Last weekend, we were heading to San Jose and Chris wanted to try Amber India, an Indian restaurant in Santana Row. Indian food almost never contains pork or beef and they use a lot of non-wheat grains so I was game. But when it turned out to be a buffet, I was a nervous wreck. Buffets are dangerous because of cross-contamination: a spoon from the veggies gets used in the meat and then returned. Servers are often my first line of defense. I can ask them about the ingredients of a dish before I order. But the servers at buffets are there to take away used plates and don't always know what's in the food. I was careful and asked the kitchen staff who were replenishing the chafing dishes. It was lovely and I tried several new dishes with no ill effects.

After a tour of the Winchester Mystery House and a movie, we headed to Veggie Grill nearby. Their menu brags about the many gluten free-options, including mac & cheese and crispy fried chicken. Further questions revealed that the mac & cheese contained soy and that the gluten-free option for fried chicken meant substituting tempeh for breaded chicken. Nice try, no cigar.

We decided to take advantage of the large Vietnamese population and have pho. About halfway through my chicken pho, Chris wondered aloud whether the broth in this particular hole-in-the-wall joint might be a proprietary blend of whatever was left at the end of the day: a delicious but toxic combination of beef, pork, seafood and chicken. I realized that pho often upset my stomach but it never occurred to me that I was having an allergic reaction. Sure enough, my throat started constricting on the way home and I got the horrible, knifing stomach pain I am learning to associate with allergies. Live and learn and carry Benedryl everywhere. AND learn how to make pho at home!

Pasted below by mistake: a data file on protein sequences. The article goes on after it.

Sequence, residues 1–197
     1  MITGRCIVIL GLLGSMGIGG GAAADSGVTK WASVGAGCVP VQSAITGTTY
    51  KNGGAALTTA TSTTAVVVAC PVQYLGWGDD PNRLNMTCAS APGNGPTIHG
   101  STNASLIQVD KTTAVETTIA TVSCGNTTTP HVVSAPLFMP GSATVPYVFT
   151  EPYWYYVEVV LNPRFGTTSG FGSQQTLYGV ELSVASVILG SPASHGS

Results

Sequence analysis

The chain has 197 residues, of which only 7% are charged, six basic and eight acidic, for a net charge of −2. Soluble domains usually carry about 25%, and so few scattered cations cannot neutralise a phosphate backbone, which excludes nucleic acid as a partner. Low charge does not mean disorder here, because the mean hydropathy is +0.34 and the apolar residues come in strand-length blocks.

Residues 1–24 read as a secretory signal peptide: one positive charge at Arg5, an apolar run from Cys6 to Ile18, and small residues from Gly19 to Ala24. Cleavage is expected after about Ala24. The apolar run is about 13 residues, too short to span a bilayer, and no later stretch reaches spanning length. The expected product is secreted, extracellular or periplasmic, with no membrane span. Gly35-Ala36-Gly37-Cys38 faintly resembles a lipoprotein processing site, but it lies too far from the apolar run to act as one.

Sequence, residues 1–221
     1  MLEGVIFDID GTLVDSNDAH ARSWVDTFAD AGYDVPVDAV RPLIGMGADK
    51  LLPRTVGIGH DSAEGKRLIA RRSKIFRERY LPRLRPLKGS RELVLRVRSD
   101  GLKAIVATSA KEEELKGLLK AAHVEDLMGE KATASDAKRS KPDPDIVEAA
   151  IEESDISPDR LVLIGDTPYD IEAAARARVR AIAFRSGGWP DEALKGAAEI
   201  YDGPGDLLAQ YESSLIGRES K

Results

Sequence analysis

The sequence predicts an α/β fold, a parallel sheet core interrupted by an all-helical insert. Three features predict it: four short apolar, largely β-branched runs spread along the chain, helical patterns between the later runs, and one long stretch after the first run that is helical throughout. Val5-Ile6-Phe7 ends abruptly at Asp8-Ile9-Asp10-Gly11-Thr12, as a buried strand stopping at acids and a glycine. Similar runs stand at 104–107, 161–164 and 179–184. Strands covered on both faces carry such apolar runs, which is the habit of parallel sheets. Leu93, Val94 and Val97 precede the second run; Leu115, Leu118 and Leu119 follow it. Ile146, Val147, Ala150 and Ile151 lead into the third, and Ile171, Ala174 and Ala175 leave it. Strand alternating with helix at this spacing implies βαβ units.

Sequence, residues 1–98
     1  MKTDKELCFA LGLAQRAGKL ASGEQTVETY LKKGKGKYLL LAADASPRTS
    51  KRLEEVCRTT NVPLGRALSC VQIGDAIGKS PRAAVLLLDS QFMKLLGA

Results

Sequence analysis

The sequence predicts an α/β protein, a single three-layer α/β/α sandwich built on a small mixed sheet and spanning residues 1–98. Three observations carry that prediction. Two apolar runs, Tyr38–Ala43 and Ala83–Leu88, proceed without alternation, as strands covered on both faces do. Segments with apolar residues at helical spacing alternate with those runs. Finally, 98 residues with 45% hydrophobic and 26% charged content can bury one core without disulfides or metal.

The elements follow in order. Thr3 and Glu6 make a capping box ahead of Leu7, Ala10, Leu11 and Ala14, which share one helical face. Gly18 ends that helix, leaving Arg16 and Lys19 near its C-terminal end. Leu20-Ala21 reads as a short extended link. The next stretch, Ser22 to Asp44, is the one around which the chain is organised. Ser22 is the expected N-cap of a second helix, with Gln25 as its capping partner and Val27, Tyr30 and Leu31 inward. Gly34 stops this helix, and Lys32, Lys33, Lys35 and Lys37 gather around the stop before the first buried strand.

A month ago I started getting flashes in the peripheral vision of my right eye. I searched online medical sites and kept running into similar descriptions as symptoms of a detached retina. Even though I had a doctor's appointment scheduled for the next day, I made an emergency visit with another doctor in the office. I made Chris go with me since I anticipated surgery to fix my detached retina.
This is what I see through my left eye.

After waiting for several hours, Dr. Vern said it wasn't a detached retina but, since he could see fluid in the retina, it looked like the histoplasmosis had reactivated. I opted to come back the next day for my regular team to shoot me in the eye with Avastin.

Four weeks later, another shot and a chest x-ray to make sure the histoplasmosis hadn't reactivated in the lungs. Googling the symptoms, I learned that the rash on the front of my shins that I blamed on hotel laundry detergent is a symptom of active histoplasmosis. Fortunately the chest X-ray came back clean so I don't have to have intravenous injections of strong antifungal medicines for the next two years.

Fun Facts about histoplasmosis, from Wikipedia:
  • Johnny Cash included a reference to the disease, even correctly noting its source in bird droppings, in the song "Beans for Breakfast".
  • Bob Dylan was hospitalized due to histoplasmosis in 1997, causing the cancellation of concerts in the United Kingdom and Switzerland.
  • In episode 21 of season 3 of the television series House M.D., a patient was diagnosed with histoplasmosis.

1 comment:

  1. I always think of you when I go to a restaurant that is sensitive to soy, wheat, and other allergies. It must be so difficult to have to be conscious of every...single...thing!

    I'm glad Chris and Michael are so supportive :-) Good guys.